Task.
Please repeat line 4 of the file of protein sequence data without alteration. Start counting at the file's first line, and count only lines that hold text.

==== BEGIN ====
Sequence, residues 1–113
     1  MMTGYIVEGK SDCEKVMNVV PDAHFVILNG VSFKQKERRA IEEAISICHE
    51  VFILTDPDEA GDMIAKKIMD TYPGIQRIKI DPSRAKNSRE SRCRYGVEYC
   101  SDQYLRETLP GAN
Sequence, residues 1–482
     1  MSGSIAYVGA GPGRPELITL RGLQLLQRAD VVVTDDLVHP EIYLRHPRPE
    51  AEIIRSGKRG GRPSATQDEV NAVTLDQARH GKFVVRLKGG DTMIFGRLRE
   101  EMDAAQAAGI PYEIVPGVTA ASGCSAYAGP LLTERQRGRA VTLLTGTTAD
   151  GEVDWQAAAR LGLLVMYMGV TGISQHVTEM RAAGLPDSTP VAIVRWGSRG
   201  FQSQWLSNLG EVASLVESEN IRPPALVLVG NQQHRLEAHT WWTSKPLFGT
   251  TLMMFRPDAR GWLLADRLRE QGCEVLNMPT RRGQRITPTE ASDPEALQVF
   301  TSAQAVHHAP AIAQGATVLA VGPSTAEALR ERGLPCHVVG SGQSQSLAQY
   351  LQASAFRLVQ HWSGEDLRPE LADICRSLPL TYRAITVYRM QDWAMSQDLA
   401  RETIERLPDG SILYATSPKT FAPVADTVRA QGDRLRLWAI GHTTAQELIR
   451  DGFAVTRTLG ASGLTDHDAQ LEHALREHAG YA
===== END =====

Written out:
   101  SDQYLRETLP GAN